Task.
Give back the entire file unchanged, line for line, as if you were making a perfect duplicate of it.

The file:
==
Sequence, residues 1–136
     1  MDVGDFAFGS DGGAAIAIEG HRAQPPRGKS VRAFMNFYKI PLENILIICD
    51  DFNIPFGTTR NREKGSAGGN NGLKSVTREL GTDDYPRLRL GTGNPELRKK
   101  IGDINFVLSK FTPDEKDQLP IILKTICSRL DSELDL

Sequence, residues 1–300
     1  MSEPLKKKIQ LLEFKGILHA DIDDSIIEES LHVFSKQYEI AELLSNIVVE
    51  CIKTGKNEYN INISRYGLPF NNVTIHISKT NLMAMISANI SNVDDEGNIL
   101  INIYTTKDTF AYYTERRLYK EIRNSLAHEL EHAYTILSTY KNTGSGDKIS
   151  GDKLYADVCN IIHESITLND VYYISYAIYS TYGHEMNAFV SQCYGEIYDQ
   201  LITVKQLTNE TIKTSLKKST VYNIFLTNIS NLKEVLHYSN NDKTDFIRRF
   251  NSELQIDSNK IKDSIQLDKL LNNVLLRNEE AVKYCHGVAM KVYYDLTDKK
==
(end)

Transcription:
Sequence, residues 1–136
     1  MDVGDFAFGS DGGAAIAIEG HRAQPPRGKS VRAFMNFYKI PLENILIICD
    51  DFNIPFGTTR NREKGSAGGN NGLKSVTREL GTDDYPRLRL GTGNPELRKK
   101  IGDINFVLSK FTPDEKDQLP IILKTICSRL DSELDL

Sequence, residues 1–300
     1  MSEPLKKKIQ LLEFKGILHA DIDDSIIEES LHVFSKQYEI AELLSNIVVE
    51  CIKTGKNEYN INISRYGLPF NNVTIHISKT NLMAMISANI SNVDDEGNIL
   101  INIYTTKDTF AYYTERRLYK EIRNSLAHEL EHAYTILSTY KNTGSGDKIS
   151  GDKLYADVCN IIHESITLND VYYISYAIYS TYGHEMNAFV SQCYGEIYDQ
   201  LITVKQLTNE TIKTSLKKST VYNIFLTNIS NLKEVLHYSN NDKTDFIRRF
   251  NSELQIDSNK IKDSIQLDKL LNNVLLRNEE AVKYCHGVAM KVYYDLTDKK